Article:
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Photo: B.A. Nilsson

Always Welcome Here

By B.A. Nilsson

There’s a dogged neighborhood-liness about this stretch of Delaware Avenue that continues to support the kinds of business that in many other communities are crushed by the leviathans out at the malls. I’m thinking of stores like Andy’s and Cardona’s, and, of course, Nicole’s. It’s probably no accident that these all are named with a possessive “s.” An owner is watching over the place, which doesn’t happen when your headquarters are in, say, Scottsdale, Ariz.

In the case of Nicole’s, you’re watched by founder Margaret Carciobolo, who, with her husband James Gavin, keeps the restaurant humming in much the same way it’s been run for its 20-plus years of existence—a statistics-busting record in this volatile industry.

Like many other successful restaurants, Nicole’s pursues a catering business, good for both the bottom line and keeping the name before the public. But it’s also their time- tested menu of Northern and Southern Italian fare that has won a loyal following.

“If you want to leave your daughter at my house,” a friend of ours suggested, “and let her play with my kids, you two could . . . ” But we were halfway to the restaurant by then. Once we got there, we dined without bickering. Maybe we’re growing up.

Or maybe it’s the engaging welcome we received. First from a server who caught me contemplating parking in the wrong lot and directed me elsewhere (Nicole’s has been plagued by the problem for most of its existence), then from the servers inside who immediately greeted and made sure we were seated promptly.

It was an early dinner for us, but the restaurant already was filling. Opposite the bar, which dominates the front half of the dining area, are several tables, and then the room opens into a larger area towards the back, where we were seated.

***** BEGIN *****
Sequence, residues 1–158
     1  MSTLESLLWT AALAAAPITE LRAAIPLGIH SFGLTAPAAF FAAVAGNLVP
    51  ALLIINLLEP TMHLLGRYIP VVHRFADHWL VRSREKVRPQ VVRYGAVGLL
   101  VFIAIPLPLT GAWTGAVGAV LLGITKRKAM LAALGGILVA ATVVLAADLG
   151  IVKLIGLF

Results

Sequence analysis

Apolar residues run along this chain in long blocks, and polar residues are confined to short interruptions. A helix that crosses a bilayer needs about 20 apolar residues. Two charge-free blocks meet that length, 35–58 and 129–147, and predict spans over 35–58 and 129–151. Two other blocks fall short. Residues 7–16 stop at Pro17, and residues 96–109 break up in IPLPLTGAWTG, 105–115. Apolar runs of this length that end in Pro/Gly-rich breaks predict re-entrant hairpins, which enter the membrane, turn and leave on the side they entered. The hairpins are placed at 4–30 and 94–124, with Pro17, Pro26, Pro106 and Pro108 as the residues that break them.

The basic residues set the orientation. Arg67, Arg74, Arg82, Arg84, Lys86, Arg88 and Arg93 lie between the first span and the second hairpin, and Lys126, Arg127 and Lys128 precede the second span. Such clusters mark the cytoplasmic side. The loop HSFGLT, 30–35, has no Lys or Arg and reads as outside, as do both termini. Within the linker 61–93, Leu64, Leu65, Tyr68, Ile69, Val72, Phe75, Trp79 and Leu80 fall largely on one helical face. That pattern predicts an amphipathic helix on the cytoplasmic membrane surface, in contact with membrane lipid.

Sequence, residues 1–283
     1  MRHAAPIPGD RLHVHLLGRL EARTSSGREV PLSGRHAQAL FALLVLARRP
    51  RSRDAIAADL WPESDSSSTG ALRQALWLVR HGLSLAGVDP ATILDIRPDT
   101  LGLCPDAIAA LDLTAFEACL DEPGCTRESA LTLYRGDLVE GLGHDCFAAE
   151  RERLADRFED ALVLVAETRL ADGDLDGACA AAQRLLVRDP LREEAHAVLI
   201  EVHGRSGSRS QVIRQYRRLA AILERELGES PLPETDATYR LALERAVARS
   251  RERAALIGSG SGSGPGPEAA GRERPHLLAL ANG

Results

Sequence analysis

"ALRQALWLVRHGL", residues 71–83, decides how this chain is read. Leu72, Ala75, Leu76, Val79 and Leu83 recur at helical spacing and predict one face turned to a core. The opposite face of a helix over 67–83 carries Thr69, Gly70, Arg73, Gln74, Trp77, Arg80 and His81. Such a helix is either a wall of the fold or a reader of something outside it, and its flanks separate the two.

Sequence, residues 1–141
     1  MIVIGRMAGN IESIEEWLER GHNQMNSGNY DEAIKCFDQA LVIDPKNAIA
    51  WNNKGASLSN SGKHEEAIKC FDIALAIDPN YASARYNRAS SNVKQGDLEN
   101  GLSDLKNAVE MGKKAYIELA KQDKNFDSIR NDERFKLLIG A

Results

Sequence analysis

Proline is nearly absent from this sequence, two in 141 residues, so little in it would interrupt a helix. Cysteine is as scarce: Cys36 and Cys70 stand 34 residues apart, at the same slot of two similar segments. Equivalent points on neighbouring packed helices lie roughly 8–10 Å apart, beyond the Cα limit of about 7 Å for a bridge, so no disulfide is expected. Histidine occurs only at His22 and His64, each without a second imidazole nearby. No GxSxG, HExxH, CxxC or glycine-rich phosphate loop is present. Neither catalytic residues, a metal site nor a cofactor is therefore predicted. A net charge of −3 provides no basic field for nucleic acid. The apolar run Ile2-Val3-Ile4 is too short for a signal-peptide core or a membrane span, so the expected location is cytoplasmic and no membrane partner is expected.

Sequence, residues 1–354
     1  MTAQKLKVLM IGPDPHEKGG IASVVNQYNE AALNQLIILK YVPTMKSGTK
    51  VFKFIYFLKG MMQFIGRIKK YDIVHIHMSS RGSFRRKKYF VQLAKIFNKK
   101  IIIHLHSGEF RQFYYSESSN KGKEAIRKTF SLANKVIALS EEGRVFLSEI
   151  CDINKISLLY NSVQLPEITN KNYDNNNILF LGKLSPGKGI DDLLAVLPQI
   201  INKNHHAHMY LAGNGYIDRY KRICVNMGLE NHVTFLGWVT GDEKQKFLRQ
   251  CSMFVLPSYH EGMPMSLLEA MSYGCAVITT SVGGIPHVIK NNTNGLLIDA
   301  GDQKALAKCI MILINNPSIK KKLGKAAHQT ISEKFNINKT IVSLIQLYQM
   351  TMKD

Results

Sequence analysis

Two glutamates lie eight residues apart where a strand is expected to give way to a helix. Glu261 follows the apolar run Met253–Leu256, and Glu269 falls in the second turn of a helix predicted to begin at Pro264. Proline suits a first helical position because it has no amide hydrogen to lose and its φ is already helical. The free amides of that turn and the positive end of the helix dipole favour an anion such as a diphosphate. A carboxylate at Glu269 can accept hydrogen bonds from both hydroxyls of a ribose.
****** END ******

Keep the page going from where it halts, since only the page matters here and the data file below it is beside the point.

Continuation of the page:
Even with some late-afternoon light coming in, the place has a subdued feel. The dark tin ceiling is strung with tiny lights; the walls sport classic artwork.

Cruising down the appetizers list, we felt the friendly call of seafood items. Clams casino ($10), fried calamari ($9), and grilled shrimp ($11), which is a Nicole’s specialty. This isn’t to impugn the hazelnut-crusted brie ($9) or bruschetta ($6), of course. But when we reached Nicole’s Hot Antipasto for Two ($19) and saw the promise of the seafood mentioned above, along with much more, we needed no more convincing.

What makes the grilled shrimp so good? Horseradish and pancetta, set off by a bite of lemon. There’s pancetta in the stuffed mussels, too, transforming an ingredient that’s tasty enough by itself into an even more flavorful nugget enhanced by sundried tomatoes and bourbon cream.

Another component is eggplant roulade, in which the veg is rolled with smoked mozzarella and roasted red peppers. Even more roasted red peppers are served as separate selection, with crisp broccoli alongside.

Although the warm spinach salad ($9) is tempting, you’ll get a house salad with an entrée, and it’s a fine array of fresh greens with a house dressing (easy to guess what kind).

The entrée selection is almost dizzying. It’s certainly thorough. Divided into the categories pasta, poultry, seafood, veal, grilled and vegetarian, enhanced with daily specials, it’s enough to let you dine here weekly for nearly a year without choosing the same thing twice.